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Small Employers Misjudge DI Risk, Survey Finds

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Small Employers Misjudge DI Risk, Survey Finds


Small employers greatly underestimate the risk that an employee between the ages of 35 and 65 will suffer a serious disability, according to a recent study by the American Council of Life Insurers, Washington.

Nearly half of the respondents in “Disability Income Insurance: Penetrating the Small-Employer Market” believe the likelihood is one in 50 of becoming disabled. The actual likelihood is one in three, the ACLI says.

The survey examines why some small employers (five to 100 workers) offer disability income insurance coverage to employees and why others decide against it.

“People dont understand that they are much more likely to become disabled than to die during their working years,” Ellen Steel, ACLI disability committee chairman said in a teleconference on the survey results.

They dont understand that disability insurance is “paycheck protection for individuals and families,” she said.

Terri Sorota, ACLI senior counsel, said 82% of respondents have no disability coverage.

“We were stunned by those results and the implications to families,” she said, pointing to the aging of the baby boomer population and the corresponding increase in likelihood that a disability will occur.

Most people who have long-term disability insurance get it through their employer, she said. Large employers are likely to offer it, but most Americans work for small employers and government statistics show that most small private firms do not offer disability income insurance, according to the ACLI.

“We found that small employers, much like the population at large, are woefully ill informed about the possibility of becoming disabled,” Sorota said.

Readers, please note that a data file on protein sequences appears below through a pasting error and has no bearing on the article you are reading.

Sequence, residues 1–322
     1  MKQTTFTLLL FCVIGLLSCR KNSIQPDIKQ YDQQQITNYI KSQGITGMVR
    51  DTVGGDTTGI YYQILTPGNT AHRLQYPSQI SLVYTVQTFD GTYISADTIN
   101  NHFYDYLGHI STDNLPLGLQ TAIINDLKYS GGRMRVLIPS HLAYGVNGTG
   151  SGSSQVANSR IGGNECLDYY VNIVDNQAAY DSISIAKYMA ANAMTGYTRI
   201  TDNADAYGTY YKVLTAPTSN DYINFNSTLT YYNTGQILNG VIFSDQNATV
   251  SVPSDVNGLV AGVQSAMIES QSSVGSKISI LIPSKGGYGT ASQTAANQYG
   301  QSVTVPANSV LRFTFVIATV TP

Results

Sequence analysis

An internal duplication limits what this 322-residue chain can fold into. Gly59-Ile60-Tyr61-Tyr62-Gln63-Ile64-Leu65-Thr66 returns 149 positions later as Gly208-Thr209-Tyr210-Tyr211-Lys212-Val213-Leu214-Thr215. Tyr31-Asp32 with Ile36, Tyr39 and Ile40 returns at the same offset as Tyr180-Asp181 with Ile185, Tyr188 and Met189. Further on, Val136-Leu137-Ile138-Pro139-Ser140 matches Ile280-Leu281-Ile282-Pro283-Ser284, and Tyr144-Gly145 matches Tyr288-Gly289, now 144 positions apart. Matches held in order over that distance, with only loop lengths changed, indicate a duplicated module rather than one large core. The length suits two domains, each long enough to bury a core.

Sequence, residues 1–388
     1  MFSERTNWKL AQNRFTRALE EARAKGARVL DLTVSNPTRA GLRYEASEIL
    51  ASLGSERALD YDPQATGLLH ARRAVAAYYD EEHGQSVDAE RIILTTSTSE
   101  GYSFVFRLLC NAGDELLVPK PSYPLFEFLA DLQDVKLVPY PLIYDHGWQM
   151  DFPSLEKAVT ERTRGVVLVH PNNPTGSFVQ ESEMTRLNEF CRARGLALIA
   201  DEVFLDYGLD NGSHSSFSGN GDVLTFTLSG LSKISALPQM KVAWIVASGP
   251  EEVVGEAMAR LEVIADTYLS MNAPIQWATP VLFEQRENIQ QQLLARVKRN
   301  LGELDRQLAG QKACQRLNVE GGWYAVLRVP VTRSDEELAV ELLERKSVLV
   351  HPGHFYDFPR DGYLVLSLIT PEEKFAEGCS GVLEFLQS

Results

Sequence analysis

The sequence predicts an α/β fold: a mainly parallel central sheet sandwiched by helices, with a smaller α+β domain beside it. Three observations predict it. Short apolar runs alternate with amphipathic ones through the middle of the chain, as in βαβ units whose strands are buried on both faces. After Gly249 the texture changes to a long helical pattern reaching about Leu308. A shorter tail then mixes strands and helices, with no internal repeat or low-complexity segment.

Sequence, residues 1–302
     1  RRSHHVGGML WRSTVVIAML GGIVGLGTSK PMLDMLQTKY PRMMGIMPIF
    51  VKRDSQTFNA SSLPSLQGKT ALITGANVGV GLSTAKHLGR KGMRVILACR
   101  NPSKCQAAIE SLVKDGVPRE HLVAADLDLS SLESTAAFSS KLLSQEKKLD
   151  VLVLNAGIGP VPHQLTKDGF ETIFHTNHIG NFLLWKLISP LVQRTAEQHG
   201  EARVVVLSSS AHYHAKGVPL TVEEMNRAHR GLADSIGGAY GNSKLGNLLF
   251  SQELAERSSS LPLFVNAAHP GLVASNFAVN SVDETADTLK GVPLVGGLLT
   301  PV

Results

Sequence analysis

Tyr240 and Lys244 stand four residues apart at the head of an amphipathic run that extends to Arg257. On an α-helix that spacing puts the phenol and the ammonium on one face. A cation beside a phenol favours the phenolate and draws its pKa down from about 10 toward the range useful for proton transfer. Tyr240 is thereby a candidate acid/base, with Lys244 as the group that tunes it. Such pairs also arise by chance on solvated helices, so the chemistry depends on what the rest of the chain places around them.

Assuming that the costs are prohibitive is the main reason small employers do not look into disability coverage, ACLI research associate Khari Cook said. Underestimating the likelihood it will be needed is the second reason they choose not to investigate it.

The ACLI asked survey respondents what would make them consider offering disability insurance.

Nothing appeared to be a “magic bullet,” Cook said. “But 55% said if demonstrated that it was affordable, theyd consider adding coverage; if it was shown that it increased productivity, they would be more likely to buy coverage.”

The respondents also said they would first approach a broker. As a second choice, they would go to an insurance company.

Respondents agreed the top three reasons for adding coverage would be if it improved employee performance and attitude, aided in retention and recruiting, and protected the business.

“It is important that small employers understand employees can share in the cost and that disability coverage is not limited to work-related disabilities,” adds Sorota.

“It is clear from these findings that employer awareness of the features and benefits of disability income insurance is lacking.”

Study findings show that small employers who do not offer disability income insurance say that they would be more likely to do so should a worker become disabled (42% of respondents). However, many believe that the coverage is too expensive (77%) or that their business activities do not present a high enough disability risk to warrant coverage (58%).

Conversely, 67% of employers that offer disability income insurance say that providing this insurance aids them in recruiting and retaining productive employees as well as in improving employee attitudes and performance (74%).

Reproduced from National Underwriter Edition, March 3, 2003. Copyright 2003 by The National Underwriter Company in the serial publication. All rights reserved.Copyright in this article as an independent work may be held by the author.